7) Skycaps at major airports
Many of the uniformed baggage handlers who check in luggage at curbside at the busiest metro airports pull in $70,000 to $100,000 a year -- most of it in cash. On top of their salaries, peak earners can take in $300 or more a day in tips. Sound implausible? That amounts to a $2 tip from 18 travelers an hour on average. Many tip more than that. While most skycaps are cordial, a good many treat customers with blank indifference, knowing harried travelers don't want to brave counter check-ins, especially in the post 9/11 age.
6) Real estate agents selling high-end homes
Anyone who puts in a little effort can pass the test to get a real estate agent's license, which makes the vast sums that luxury-home agents earn stupefying. While most agents hustle tail to earn $60,000 a year, those in affluent areas can pull down $200,000-plus for half the effort, courtesy of the fatter commissions on pricier listings. Luxury home agents live off the economy's fat, yet many put on airs as if they're members of the class whose homes they're selling, and eye underdressed open-house visitors as if they're casing the joint.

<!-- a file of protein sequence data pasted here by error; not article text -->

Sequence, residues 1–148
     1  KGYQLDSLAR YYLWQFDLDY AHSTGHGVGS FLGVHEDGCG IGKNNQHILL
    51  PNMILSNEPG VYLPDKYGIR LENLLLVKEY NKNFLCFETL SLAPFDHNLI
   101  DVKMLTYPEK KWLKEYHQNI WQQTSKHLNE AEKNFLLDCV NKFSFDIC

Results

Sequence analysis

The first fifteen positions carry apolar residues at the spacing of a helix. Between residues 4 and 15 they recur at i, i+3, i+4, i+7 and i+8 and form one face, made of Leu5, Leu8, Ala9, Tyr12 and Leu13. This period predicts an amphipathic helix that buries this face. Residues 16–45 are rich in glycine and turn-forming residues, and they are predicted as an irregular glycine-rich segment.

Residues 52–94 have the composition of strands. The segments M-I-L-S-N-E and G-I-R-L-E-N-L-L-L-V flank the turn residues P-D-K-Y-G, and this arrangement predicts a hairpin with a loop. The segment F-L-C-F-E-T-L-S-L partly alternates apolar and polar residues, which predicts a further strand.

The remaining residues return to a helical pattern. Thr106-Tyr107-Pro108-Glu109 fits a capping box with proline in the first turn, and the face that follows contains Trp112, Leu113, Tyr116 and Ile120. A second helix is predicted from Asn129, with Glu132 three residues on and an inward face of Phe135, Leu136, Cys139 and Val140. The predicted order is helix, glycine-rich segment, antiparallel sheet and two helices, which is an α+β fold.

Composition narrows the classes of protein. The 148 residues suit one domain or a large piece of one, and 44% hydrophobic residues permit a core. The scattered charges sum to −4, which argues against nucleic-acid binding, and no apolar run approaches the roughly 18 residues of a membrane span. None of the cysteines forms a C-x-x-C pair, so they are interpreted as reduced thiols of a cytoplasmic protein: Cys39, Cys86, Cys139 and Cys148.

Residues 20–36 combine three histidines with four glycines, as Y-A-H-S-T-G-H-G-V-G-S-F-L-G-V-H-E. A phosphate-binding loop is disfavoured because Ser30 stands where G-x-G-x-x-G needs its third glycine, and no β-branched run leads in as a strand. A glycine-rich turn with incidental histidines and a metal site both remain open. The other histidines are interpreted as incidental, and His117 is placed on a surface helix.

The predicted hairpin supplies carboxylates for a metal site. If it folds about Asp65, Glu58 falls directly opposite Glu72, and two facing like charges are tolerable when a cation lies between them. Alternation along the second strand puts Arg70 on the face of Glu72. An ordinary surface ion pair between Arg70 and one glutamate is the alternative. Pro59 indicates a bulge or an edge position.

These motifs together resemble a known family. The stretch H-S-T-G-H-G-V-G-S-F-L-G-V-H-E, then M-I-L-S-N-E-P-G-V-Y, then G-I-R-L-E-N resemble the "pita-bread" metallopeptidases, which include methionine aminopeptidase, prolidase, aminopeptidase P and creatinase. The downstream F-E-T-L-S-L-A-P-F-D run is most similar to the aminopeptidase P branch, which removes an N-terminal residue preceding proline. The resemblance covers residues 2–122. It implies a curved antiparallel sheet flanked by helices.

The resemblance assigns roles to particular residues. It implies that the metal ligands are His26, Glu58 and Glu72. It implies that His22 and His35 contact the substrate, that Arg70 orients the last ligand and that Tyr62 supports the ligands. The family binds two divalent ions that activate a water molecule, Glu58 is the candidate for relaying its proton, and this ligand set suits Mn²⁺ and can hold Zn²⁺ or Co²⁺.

5) Motivational speakers and ex-politicians on the lecture circuit
Whether it's for knighted ex-Mayor Rudy Guiliani or Tom "In Search of Excellence" Peters, corporate trade groups pay astronomical sums to celebrity-types and political has-beens to address their convention audiences. Former President Reagan raised the bar back in 1989 when he took $2 million from Japanese business groups for making two speeches. Bill Clinton earned $9.5 million on 60 speeches last year, though most of those earnings went to charity and to fund his presidential library. The national convention circuit's shame is that it blows trade-group members' money on orators whose speeches often have been warmed over a dozen times.
For a 35-hour workweek, orthodontists earn a median $350,000 a year, according to the Journal of Clinical Orthodontics. General dentists, meanwhile, earn about half as much working 39 hours a week on average, in a much dirtier job. The difference in their training isn't like that of a heart surgeon vs. a family-practice doctor. It's a mere two years, and a vastly rewarding investment if you're among the chosen: U.S. dental schools have long been criticized for keeping orthodontists in artificially low supply to keep their income up. This isn't brain surgery: Orthodontists simply manipulate teeth in a growing child's mouth -- and often leave adjustment work to assistants whose handiwork they merely sign off on. What makes their windfall egregious is that they stick parents with most of the inflated bill, since orthodontia insurance benefits cover nowhere near as large a percentage as for general dentistry.
3) CEOs of poorly performing companies